A cancer-stricken bride who feared she would have to cancel her wedding if she lost her hair due to chemotherapy managed to keep her blonde tresses by wearing a protective HAT.
Allison Carey, 28, was devastated to learn she had stage two breast cancer four months before her wedding to high school maths teacher Michael Carey, 31.
She considered calling off her big day because she didn’t want to walk down the aisle as a bald bride.
When her doctor suggested a specially designed cooling cap which prevents hair loss in women undergoing chemotherapy, Allison was willing to try the contraption.
The cooling cap, known as a DigniCap, slowed down Allison’s hair loss and she married Micheal in a romantic ceremony last June with her hair swept into an elegant updo.
The bride, who has graduated with a masters in engineering and is now officially in remission from cancer, is delighted she was able to go ahead with her wedding.
Allison, from Denver, Colorado, USA, said: “I am super happy I went ahead with the wedding. I was definitely hesitant but I got what I wanted.
“I married the man I loved in front of all my friends. It was the worst year of my life and the best year of my life at the same time.”
It was Michael who first noticed the two little lumps on Allison’s right breast in November 2017.
She said: “My husband noticed them, I never checked my breasts. I went to a campus doctor and he told me that they were probably nothing.
“I had an ultrasound and was told to come back in six months. I wasn’t worried because I was so young.
“But I noticed the lumps growing so I returned after three months. I wanted them off my body.”
Allison was devastated when she was diagnosed with stage two breast cancer.
She added: “Cancer is scary and it just sucked to learn that I had it. The cancer had spread to one of my lymph nodes but there were no tumours elsewhere.
“That was good news, it was a huge relief. Michael and I cried when the doctor told us.”
The couple faced the difficult decision of whether to cancel their upcoming wedding.
“I definitely considered cancelling the wedding,” Allison admitted.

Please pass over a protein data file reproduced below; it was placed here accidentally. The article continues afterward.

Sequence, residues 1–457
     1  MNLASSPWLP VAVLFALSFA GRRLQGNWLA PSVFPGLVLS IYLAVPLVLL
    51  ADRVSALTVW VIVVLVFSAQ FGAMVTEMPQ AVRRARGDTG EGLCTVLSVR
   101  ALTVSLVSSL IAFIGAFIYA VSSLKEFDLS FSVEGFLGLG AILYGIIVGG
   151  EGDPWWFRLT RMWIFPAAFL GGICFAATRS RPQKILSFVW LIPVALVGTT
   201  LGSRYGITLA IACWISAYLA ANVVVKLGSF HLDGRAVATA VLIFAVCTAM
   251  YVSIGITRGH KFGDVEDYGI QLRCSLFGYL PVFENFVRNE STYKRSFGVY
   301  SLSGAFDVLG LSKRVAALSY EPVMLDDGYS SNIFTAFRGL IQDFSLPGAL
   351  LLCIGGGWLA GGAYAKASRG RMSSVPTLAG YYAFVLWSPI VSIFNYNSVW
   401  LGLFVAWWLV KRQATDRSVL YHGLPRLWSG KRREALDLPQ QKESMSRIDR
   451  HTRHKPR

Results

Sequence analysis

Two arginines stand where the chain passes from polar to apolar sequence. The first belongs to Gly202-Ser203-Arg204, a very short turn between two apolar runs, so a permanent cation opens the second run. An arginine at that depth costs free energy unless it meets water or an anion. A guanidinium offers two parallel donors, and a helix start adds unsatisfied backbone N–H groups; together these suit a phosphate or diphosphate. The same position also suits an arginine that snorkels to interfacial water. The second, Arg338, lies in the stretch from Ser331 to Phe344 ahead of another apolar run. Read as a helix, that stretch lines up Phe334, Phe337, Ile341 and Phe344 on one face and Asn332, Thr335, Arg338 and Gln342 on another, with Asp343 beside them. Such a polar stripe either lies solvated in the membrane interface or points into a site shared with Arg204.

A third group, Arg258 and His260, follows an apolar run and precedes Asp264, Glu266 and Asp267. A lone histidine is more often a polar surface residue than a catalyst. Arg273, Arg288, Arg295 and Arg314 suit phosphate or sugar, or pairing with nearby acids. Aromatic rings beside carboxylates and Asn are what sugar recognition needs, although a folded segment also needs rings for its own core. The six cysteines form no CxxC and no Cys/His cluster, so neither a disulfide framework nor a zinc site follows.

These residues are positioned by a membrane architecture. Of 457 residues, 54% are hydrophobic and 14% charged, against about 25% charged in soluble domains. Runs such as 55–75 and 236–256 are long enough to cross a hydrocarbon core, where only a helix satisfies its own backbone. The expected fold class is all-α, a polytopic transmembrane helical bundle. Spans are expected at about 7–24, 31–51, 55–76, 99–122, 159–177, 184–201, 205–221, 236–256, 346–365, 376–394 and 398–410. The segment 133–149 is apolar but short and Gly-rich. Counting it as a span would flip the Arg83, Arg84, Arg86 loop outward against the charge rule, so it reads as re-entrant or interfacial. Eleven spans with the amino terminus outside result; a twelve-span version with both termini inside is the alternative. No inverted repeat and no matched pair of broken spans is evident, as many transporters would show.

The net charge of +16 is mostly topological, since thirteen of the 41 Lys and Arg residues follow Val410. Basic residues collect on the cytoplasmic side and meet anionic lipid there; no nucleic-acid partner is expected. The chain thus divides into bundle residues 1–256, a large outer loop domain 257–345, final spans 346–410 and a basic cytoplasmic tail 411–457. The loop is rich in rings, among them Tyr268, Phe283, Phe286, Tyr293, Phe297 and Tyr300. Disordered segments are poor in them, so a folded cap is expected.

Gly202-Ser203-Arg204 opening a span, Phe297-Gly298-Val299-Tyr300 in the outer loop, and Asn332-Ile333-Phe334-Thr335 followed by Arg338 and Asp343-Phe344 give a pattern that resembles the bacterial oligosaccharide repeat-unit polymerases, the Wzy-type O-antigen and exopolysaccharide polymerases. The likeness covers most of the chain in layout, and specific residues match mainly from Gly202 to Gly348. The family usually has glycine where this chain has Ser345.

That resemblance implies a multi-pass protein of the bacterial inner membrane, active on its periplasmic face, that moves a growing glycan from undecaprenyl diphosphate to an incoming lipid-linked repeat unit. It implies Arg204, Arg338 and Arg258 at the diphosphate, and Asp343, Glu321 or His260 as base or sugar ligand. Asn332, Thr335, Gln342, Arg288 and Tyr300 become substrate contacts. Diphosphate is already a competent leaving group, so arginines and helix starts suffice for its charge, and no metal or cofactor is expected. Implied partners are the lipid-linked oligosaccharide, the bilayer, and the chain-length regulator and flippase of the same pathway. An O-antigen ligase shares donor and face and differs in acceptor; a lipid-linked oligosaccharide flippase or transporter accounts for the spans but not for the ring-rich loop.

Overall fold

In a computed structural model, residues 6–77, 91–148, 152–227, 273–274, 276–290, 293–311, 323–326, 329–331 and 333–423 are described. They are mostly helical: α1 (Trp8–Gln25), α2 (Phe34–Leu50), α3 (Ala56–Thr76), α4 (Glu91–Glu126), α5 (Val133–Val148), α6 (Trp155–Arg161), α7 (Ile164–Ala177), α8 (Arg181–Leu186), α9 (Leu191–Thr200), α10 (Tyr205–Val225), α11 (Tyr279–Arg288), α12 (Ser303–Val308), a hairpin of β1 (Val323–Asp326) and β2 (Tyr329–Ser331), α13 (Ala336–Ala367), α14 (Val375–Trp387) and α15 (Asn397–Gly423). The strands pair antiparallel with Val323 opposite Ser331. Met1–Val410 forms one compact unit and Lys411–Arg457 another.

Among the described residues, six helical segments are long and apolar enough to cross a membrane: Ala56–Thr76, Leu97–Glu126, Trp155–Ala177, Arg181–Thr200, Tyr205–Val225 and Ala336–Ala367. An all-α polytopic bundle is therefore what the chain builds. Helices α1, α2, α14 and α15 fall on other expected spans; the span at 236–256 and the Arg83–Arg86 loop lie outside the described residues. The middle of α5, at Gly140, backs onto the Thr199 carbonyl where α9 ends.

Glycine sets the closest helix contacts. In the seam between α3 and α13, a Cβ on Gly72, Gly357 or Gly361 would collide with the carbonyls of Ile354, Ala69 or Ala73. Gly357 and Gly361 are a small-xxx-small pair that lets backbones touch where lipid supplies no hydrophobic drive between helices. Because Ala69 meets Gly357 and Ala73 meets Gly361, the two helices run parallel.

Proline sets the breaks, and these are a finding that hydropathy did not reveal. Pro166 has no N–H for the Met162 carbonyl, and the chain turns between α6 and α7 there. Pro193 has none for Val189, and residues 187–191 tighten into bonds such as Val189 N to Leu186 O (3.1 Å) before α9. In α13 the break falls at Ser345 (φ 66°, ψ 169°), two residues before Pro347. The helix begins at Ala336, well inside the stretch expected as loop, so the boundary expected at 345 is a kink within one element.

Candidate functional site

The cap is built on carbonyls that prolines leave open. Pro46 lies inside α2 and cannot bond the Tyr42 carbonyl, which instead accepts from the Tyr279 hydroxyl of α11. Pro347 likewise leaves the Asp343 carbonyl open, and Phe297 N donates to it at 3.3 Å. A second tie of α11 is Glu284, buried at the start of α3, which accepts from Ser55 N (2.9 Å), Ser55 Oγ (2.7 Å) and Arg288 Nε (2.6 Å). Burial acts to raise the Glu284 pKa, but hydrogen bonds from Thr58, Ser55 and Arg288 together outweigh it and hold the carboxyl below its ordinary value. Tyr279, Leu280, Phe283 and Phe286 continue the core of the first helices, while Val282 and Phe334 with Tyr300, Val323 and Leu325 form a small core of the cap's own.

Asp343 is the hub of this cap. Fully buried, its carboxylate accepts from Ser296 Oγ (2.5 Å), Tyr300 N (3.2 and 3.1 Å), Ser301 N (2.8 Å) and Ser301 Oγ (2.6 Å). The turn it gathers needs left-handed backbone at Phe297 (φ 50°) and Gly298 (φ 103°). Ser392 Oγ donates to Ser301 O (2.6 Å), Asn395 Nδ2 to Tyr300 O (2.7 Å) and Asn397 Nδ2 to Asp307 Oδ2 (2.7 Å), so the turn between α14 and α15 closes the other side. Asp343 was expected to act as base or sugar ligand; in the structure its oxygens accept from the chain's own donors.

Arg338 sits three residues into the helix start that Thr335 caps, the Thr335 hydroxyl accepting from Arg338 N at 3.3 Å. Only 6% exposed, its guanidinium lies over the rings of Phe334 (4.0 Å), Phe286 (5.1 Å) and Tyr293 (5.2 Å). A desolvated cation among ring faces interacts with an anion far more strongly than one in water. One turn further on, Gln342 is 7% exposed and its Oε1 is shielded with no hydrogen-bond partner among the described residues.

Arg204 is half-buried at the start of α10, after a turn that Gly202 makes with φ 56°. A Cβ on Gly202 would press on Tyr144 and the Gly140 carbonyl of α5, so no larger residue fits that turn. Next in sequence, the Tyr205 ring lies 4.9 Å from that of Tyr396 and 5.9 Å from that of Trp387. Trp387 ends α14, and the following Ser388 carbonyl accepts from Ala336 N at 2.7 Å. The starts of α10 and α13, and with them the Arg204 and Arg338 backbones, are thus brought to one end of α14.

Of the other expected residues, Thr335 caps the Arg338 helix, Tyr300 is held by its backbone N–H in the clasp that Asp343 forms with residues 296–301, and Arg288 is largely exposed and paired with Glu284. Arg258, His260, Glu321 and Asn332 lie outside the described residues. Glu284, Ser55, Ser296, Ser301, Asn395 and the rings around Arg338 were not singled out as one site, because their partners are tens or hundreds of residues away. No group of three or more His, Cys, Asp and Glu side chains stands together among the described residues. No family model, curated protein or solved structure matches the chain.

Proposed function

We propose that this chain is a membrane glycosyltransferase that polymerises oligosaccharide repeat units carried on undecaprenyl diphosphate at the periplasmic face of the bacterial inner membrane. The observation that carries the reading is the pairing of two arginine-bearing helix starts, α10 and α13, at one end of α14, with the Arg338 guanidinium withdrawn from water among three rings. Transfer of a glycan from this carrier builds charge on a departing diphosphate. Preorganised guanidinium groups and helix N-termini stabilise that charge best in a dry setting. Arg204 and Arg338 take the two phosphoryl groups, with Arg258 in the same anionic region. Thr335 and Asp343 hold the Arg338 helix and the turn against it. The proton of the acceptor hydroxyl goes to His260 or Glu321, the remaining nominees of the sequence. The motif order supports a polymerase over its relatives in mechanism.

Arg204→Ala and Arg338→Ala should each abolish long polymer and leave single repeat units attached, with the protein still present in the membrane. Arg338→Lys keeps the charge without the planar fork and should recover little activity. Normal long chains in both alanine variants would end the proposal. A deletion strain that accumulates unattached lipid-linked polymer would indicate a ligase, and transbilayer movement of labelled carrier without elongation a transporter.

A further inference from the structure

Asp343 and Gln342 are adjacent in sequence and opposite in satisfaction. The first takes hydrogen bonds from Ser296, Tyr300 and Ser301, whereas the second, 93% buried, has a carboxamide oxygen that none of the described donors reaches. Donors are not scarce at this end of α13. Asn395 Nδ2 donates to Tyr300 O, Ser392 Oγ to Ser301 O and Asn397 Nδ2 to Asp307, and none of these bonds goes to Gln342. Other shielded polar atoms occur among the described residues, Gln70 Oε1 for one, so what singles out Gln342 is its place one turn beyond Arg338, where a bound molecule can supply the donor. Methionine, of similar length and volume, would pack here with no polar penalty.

“I didn’t want to look at all my wedding pictures and associate it with a terrible time in my life.
“I didn’t want to have what should have been the happiest day of my life at the worst time in my life.”
Allison was particularly worried about losing her long dirty blonde hair during her fortnightly chemotherapy sessions and dreaded the thought of walking down the aisle bald or wearing a wig.
She said: “Every time I went to chemo, I was scared that my hair would fall out. I just wanted to look like myself.
“Part of me just wanted to shave it all off, I didn’t want to deal with it falling out slowly.”
She shared her concerns with Dr Virginia Borges, an oncologist at the University of Colorado Hospital, who suggested Allison use a Dignicap.
Borges said: “What it does is it lowers the temperature of the scalp so that the hair follicles don’t see the chemotherapy and by that happening the hair does not fall out at all or at least not to the same degree that it would have.”
Allison said: “You basically freeze your head, it feels horrible. The chemo doesn’t hurt, you can’t feel it, but I wanted to tear the cold cap off my head. But it worked.
“I did lose a lot of hair, perhaps 50 per cent, but I could hide it. People would tell me I looked so good.
“I could see bald spots but I hid them by styling my hair in a particular way. One of the hardest things was that I always liked how I looked.
“I don’t dye my hair, I don’t wear much makeup, I like the natural look. When I lost my eyelashes and eyebrows, it sucked.
“I got my brows microbladed which worked out super well and luckily the cap stopped me from losing all my hair.
“When I saw the cold cap was working, I wanted to go ahead with the wedding. Of course, it wasn’t only about my hair.
“I’m generally quite laid back, but after my diagnosis, I just wanted to get married in front of my friends and family.
“Michael really felt like my husband and I wanted to officially call him that. He accompanied me to all of my chemo sessions and all my surgeries. He is so perfect and I’m so lucky.”
The lovebirds tied the knot on June 30 2018 in front of 230 guests in Michael’s home town of Springfield, Ohio.
Allison said: “It ended up being perfect. People danced the whole night, our DJ played extra songs for us, everyone was still there in the early hours.”
The couple honeymooned by going rock climbing in Utah, Colorado and Arizona.
She added: “We went on a two-week road trip. We are big rock climbers and we scaled mountains in Utah, Colorado and Arizona.”
In November, four months after the wedding, Allison learnt that she was in remission but she is still cautious about being given the all clear.
She said: “I finished radiation in November and that was the end of my treatment. Every three months I go for a blood test. Cancer can come back and I do think of that.”
The experience has changed Allison’s perspective and made her grateful for each moment she has with her new husband.
She said: “I definitely think of the future differently now. I don’t think of ten years down the line, the timeline comes in shorter chunks.
“I want lots more rock climbing trips, lots of travel and enjoying my life with the people I love. I am able to appreciate the moment now.
“Before, sometimes I experienced a pressure that I should enjoy the moment and it would make me stress out about it.
“But ever since my diagnosis, I’ve accepted that not every moment is going to be perfect.
“Life is not perfect, it’s never been perfect and it’s never going to be perfect so you learn to enjoy the imperfection more.”
Allison shares her experiences of living with cancer on her Instagram @dynosoarlife.